A standard tax deduction allows you to automatically deduct a specific dollar amount from your income regardless of your donating practices:

Single: $12,000 | Married: $24,000 (if you file jointly)

An itemized deduction allows you to deduct a dollar-amount-worth of expenses if it gets you to a higher dollar amount than the above. Here are some examples of things that you can add up to make a deduction:

· Home mortgage interest

· Property, state, local income tax

· Charitable donations

· Qualified educational expenses.

(if you’re a tax nerd here’s an article that dives in a bit deeper to these: https://www.moneyunder30.com/itemized-deductions)

Great Magda, a standard deduction seems easy enough, but what am I supposed to do with an itemized deduction? Carry a spreadsheet with me everywhere?!

Ok, I’ll make a generalization that might help you: we are unlikely to itemize our deductions unless we (a) own a home (b) donate $1000’s to charity (c) are in school and paying for the education ourselves. I know, some of you are saying, “Uh yea, that’s me Magda, duh!” Let’s fist pump that one because because I don’t have any of those things either but for the others, get your charity donations on! You can deduct charitable donations as long as it is to a qualified organization and you leave with a slip that tells you how much you’ve donated. Those slips that Salvation Army hands you after donating a bag of clothes: hold on to it! That is an itemized charitable donation eligible for deduction! What that means is, like your traditional retirement account, you would lower your income for the year by making the contribution.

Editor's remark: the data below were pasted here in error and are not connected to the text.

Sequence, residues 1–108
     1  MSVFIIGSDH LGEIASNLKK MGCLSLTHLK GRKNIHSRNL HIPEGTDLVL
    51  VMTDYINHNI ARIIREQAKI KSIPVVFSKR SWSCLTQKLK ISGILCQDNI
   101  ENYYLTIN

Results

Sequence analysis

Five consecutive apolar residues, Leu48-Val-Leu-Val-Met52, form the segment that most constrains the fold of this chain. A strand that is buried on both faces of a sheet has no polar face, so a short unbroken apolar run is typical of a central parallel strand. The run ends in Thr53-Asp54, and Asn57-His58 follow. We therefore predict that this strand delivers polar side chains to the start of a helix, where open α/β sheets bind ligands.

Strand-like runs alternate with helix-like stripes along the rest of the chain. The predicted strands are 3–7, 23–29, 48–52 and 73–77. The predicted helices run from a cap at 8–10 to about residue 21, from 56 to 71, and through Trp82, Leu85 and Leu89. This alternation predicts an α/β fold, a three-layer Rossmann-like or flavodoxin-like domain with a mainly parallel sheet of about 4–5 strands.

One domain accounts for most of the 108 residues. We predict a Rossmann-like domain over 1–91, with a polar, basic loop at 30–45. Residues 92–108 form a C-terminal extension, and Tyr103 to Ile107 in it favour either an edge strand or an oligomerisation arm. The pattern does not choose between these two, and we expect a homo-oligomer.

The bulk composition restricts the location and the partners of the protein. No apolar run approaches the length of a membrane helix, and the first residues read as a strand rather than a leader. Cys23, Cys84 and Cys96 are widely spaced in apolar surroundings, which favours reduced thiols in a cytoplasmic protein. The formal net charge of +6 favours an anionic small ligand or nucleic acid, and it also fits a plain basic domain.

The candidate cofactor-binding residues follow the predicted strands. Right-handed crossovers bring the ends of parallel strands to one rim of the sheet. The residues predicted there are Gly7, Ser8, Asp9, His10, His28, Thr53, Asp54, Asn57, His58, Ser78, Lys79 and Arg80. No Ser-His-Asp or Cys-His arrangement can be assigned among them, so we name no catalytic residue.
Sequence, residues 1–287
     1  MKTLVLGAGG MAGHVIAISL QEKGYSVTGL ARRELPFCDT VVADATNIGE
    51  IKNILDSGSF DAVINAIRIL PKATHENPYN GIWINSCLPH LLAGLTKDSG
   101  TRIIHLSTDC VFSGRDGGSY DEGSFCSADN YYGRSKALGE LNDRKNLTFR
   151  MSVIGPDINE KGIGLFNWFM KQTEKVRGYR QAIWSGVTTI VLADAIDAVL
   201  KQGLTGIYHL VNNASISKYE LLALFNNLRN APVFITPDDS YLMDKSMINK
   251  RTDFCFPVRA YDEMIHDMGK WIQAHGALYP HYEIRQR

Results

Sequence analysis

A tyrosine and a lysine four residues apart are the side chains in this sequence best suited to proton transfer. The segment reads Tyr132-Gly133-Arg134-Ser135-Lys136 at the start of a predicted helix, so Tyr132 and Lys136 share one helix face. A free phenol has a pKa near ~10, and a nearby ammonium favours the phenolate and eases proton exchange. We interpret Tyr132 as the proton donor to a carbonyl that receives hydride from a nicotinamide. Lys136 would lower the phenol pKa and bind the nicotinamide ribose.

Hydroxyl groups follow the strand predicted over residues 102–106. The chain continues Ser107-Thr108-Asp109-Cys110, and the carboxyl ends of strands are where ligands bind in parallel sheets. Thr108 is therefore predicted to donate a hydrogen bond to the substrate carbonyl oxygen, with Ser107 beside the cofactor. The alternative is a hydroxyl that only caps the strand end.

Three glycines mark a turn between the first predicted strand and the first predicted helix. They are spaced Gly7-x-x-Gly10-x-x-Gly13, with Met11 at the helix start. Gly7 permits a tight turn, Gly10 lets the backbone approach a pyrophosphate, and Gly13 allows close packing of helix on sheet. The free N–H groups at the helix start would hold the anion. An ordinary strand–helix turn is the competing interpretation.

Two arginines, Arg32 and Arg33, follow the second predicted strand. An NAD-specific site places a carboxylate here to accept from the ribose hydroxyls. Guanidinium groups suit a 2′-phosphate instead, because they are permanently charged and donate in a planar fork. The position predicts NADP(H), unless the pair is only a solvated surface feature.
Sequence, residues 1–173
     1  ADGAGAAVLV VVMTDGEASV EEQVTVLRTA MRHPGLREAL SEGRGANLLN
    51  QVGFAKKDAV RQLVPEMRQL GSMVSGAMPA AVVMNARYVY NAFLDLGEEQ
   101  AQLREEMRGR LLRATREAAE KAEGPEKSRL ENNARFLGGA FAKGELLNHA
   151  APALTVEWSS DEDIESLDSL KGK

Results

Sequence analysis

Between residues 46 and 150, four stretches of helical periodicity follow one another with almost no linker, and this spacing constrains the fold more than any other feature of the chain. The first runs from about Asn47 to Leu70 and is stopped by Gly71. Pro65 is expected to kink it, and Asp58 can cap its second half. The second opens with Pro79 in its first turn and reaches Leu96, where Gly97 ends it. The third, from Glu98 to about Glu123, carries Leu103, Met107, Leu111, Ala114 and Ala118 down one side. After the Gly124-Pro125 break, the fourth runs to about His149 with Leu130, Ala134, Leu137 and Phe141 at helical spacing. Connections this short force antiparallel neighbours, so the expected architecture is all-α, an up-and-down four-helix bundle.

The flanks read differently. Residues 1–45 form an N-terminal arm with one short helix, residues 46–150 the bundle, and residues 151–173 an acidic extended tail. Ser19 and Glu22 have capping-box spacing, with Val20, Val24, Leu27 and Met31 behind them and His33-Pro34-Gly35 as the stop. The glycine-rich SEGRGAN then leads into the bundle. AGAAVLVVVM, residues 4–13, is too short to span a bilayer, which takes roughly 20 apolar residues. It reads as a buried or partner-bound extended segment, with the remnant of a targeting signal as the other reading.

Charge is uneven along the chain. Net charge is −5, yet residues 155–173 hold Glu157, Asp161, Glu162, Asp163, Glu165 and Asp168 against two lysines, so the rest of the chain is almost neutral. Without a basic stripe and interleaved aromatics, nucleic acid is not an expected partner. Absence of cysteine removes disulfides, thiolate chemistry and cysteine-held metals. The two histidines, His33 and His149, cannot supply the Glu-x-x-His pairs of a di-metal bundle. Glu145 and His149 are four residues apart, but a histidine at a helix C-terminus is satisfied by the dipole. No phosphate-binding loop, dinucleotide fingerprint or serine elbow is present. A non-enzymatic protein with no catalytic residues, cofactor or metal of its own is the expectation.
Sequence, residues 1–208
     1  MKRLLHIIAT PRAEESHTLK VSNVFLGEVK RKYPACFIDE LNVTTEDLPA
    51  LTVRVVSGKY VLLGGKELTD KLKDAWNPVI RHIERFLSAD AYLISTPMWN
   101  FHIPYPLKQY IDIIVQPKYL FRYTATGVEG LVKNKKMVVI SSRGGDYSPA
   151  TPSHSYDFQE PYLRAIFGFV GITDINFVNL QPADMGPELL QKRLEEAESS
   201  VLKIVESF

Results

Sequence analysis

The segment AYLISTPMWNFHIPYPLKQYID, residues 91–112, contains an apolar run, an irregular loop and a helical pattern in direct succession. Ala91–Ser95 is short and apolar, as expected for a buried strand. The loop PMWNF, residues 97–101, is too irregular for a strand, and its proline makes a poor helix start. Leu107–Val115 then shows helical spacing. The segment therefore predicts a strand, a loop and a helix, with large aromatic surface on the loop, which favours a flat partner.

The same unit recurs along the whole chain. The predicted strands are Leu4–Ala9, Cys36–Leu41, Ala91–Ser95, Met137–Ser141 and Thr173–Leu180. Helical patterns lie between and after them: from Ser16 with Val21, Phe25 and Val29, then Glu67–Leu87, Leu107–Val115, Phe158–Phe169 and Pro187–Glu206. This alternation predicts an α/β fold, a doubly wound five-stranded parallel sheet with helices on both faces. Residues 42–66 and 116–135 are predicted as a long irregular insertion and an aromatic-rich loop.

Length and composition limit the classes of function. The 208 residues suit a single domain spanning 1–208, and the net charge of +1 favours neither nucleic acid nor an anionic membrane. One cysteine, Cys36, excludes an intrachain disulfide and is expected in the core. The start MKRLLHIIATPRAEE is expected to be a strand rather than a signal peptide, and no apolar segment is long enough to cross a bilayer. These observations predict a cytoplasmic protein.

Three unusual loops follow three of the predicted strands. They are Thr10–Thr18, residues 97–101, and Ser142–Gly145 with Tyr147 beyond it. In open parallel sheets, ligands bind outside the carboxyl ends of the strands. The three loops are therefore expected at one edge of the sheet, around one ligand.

Example: You make $100,000 and you give a donation of $2,000 to a qualified charity. When you pay taxes it will appear as if you made $98,000 and that is what you are taxed on.